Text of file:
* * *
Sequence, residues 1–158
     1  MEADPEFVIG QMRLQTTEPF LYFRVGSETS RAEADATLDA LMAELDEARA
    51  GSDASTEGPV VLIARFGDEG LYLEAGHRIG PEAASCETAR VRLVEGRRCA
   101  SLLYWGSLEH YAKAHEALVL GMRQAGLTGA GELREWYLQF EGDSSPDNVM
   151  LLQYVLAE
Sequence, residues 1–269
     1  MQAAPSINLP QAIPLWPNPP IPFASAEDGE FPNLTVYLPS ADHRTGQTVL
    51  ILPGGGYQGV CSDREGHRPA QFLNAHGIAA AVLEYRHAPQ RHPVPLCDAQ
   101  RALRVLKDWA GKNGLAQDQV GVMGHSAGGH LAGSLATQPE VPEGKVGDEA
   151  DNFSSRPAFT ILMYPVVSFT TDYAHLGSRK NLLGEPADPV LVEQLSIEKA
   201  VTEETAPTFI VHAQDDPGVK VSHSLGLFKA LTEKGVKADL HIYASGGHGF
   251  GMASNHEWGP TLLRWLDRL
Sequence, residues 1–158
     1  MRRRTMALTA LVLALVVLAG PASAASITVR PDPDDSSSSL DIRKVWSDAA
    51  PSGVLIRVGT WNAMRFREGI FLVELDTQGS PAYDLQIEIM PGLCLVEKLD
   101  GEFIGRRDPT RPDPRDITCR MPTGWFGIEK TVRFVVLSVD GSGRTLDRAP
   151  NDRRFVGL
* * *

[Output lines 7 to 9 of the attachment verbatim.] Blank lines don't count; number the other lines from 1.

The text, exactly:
     1  MQAAPSINLP QAIPLWPNPP IPFASAEDGE FPNLTVYLPS ADHRTGQTVL
    51  ILPGGGYQGV CSDREGHRPA QFLNAHGIAA AVLEYRHAPQ RHPVPLCDAQ
   101  RALRVLKDWA GKNGLAQDQV GVMGHSAGGH LAGSLATQPE VPEGKVGDEA